With Western sanctions set to be lifted as a result of the nuclear deal, Iran is hoping to unleash large quantities of new supplies on the global market, intending to nearly double its current output by the end of the decade. And in the short-term, Iran is on the record as saying it plans to boost production by one million barrels per day just months after the sanctions are lifted. But that’s raised many analysts’ eyebrow; Iran certainly has the reserves and the spare capacity to ramp up production, but the quantities that they hope to bring online entail a number of logistical challenges, especially in the short time frame Tehran has outlined.
One example of those challenges? Reuters reports on the difficulties of fully utilizing a larger oil tanker fleet:
Iran’s main tanker operator NITC remains blacklisted by the United States and European Union since 2012, meaning it’s unable to secure foreign insurance or international classification services, which certify ships have met safety and environmental standards necessary to get access to most ports. […]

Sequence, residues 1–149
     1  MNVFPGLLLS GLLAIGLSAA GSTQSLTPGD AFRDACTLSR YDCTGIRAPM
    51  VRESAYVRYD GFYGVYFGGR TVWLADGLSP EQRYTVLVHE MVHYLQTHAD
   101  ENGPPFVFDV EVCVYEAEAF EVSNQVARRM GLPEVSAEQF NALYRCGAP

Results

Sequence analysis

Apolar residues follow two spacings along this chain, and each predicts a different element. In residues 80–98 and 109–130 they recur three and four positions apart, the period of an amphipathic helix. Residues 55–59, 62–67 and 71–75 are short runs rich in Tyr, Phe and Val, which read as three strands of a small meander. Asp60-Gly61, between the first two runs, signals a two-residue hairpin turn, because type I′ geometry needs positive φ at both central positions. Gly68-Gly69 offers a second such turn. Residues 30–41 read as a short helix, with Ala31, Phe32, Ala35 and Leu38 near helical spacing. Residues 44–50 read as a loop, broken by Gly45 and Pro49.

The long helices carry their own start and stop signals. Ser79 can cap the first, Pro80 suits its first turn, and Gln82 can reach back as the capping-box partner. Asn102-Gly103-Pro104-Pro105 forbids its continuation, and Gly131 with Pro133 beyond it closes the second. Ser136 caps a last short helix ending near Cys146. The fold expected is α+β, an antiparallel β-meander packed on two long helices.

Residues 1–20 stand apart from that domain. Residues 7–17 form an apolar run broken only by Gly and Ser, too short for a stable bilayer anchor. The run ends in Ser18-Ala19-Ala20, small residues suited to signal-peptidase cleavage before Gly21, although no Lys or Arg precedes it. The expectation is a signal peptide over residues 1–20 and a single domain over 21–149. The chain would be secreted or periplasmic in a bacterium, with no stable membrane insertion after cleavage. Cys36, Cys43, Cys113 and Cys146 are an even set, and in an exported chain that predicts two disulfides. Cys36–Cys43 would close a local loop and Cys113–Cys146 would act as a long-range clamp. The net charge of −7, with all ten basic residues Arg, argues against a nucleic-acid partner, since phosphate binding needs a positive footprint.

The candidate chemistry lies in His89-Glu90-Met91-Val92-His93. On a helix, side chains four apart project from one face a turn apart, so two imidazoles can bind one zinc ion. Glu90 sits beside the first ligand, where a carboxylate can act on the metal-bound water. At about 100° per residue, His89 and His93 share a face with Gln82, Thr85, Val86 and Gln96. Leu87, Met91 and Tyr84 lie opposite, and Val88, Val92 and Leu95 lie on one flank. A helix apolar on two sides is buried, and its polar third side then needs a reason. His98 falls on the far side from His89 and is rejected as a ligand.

“It is fair to say that commercially they will probably be more difficult to fix than a ship of … an independent owner or certainly a non-Iranian owner,” said Hugo de Stoop, chief financial officer with leading Belgium-based tanker owner Euronav. “It will take some time.”
Historically, however, petrostates have proven remarkably resilient in these sorts of situations, and with oil sales forming the backbone of Iran’s economy and its national budget, there’s no shortage of incentive to get its fleet online as quickly as possible. If and when that happens, the global market will be flooded with more oil at a time when supply already heavily outweighs demand. While some of that is already built in to today’s oil price, we can reasonably expect prices to dip if Iran can overcome these challenges and follow through on ramping up production.
And, if all of that comes about, it’s Russia who stands to lose the most, as its share of the valuable European market will be threatened by Iran, which produces a similar grade of crude.